For several generations of kids growing up in the Kalihi-Palama neighborhood, Palama Settlement has served as a sort of safe haven where in addition to learning how to swim or sew, they developed a sense of self-discipline, respect for community role models, and values that kept them on a straight path.
“I credit Palama with keeping me out of gangs,” said Cha Thompson, a Waikiki entertainment icon and co-owner of Tihati Productions, which she has operated with husband Jack Thompson for more than 40 years.
Thompson and Ben Aipa, a legendary surfer and surfboard craftsman, will be honored this month at the second annual Malama Palama Gala as alumni who have continuously supported the agency’s programs for youth and seniors. Established in 1896, the nonprofit, community-based social service agency offers educational, recreational, athletic, cultural, social, health and community-building programs and services.
Wendy Abe, Palama’s executive director, said Thompson and Aipa were selected for recognition because “both grew up in the Kalihi-Palama neighborhood. They both credit Palama with helping them find a path out of poverty and away from the streets and the gangs. Ben says he would likely be in prison now if it wasn’t for Palama.”
Abe added, “Cha and Ben exemplify the value of giving back. They have both served as mentors and hanai parents to numerous kids throughout the years.”
Thompson, who is now in her 60s, said, “My heart is still in Kalihi, and I think it’s because it’s that insatiable need to do and to give. I wonder if it’s because Mama raised eight in a tenement on welfare. I saw what was there and what was needed, and I never walked away from that.”
She continued, “There were a lot of kids that needed help because they came from dysfunctional families. The adults at Palama were very caring. They’d teach you things like manners, personal hygiene and how a boy should act towards a girl. And for the girls, it’s OK if you cannot beef (fight),” she said with a laugh.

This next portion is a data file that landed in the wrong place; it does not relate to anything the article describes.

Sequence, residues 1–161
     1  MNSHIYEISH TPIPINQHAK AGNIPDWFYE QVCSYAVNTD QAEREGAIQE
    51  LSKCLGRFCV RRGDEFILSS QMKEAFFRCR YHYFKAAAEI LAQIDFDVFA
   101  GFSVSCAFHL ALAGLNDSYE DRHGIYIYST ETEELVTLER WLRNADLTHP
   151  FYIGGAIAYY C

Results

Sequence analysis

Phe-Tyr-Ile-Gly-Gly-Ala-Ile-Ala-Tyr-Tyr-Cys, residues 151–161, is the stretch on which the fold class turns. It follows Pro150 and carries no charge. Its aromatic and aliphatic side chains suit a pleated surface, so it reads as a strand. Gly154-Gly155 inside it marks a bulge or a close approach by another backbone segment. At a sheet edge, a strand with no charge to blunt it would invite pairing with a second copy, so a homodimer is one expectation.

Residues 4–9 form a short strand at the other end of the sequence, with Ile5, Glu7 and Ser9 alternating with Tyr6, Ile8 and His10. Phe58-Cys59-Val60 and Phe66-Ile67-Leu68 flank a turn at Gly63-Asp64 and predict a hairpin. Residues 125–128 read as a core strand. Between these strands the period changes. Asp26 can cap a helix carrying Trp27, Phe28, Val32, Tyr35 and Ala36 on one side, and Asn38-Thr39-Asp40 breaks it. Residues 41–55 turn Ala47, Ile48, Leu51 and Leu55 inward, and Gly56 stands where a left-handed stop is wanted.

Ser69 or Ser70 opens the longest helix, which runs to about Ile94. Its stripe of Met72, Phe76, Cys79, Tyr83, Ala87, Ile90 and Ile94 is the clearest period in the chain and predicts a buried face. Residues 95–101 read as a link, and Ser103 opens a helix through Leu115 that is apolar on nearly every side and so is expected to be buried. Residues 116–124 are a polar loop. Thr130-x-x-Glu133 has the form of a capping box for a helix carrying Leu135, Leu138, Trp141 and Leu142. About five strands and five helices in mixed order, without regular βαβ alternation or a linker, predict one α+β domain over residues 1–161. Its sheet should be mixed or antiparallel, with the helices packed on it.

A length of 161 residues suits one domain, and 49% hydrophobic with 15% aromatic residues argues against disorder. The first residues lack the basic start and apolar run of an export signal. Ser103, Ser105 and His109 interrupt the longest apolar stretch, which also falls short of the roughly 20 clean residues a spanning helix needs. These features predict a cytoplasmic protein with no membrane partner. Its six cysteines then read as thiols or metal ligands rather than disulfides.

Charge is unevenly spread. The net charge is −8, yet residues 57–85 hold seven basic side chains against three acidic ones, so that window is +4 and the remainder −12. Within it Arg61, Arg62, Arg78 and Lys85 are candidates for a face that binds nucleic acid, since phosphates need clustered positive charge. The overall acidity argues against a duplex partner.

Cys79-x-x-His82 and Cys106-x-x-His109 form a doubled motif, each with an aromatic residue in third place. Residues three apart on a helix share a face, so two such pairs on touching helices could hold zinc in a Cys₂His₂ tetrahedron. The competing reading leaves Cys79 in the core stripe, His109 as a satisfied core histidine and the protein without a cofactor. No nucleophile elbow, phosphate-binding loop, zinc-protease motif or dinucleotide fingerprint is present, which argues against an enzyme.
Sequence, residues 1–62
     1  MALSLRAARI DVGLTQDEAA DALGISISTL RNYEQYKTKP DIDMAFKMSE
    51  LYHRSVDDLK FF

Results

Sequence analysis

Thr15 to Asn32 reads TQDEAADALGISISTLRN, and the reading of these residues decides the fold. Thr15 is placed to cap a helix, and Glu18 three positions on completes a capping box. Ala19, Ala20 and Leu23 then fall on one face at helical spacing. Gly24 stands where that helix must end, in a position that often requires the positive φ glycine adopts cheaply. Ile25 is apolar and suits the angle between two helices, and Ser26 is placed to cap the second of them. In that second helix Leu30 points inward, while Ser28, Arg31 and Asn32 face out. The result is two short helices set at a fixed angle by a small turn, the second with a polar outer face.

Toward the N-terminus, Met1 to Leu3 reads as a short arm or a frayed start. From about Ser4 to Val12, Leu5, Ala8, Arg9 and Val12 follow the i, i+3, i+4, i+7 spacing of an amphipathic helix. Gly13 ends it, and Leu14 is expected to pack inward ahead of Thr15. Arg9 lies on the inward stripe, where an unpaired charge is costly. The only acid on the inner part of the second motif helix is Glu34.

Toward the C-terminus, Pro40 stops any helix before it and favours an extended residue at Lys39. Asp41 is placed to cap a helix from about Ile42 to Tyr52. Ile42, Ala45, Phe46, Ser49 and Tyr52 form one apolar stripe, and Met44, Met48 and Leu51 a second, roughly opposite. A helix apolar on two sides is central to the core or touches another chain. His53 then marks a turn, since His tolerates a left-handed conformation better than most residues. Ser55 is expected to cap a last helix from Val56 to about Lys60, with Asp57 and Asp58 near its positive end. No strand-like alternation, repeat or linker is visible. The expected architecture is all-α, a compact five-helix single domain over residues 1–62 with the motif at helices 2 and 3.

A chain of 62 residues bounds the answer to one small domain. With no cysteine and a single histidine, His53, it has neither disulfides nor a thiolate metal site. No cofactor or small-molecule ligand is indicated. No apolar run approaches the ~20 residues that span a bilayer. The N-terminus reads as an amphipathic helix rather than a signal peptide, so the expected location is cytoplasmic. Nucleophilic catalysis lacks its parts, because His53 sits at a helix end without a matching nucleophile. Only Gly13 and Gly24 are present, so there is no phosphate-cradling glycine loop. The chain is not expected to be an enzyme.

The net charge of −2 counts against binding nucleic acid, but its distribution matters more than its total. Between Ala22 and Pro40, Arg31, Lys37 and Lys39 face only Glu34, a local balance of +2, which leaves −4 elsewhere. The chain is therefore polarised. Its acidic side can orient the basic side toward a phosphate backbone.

At Palama Settlement, Thompson said, she learned how to get along with other kids and forgo using her fists to settle quarrels, even though fistfights were routine among some kids in her Kalihi Valley Homes neighborhood and in the surrounding community.
MALAMA PALAMA GALA
The gala fundraiser for Palama Settlement will feature a semiformal dinner and silent auction. Tihati Productions headliners will provide entertainment.
>> When: 5:30 p.m., Oct. 25
“When I went to Palama, I learned you don’t cut in line — you stand in line and wait your turn. And if you didn’t, you soon found out there were kids from other housing projects who were just as skilled in a beef.”
Among her other Palama memories is her first visit with a dentist.
“I never went to a dentist before, and I remember paying 10 cents to get my teeth drilled (at Palama’s dental clinic), and there was no such thing as numbing. They either drilled it, fixed it or pulled it out,” Thompson said. “But now that I think about it, sitting on so many boards (over the years), making someone pay even 10 cents … teaches you responsibility, and then you take ownership. I have always loved Palama.”
Among others whose young lives were shaped by Palama Settlement are former Gov. Ben Cayetano and Senate President Donna Mercado Kim. Last year’s inaugural gala recognized the late Edward “Skippa” Diaz, a Kalihi boy who became a professional football player and a Farrington High School football coach; and Cecilia Blackfield, who created the recreation center at Palama 25 years ago as well as a scholarship program.
Many of Palama’s alumni, Thompson said, are like a family in that they share “a special bond … and when you go back and talk to each other, you’re talking a different language.”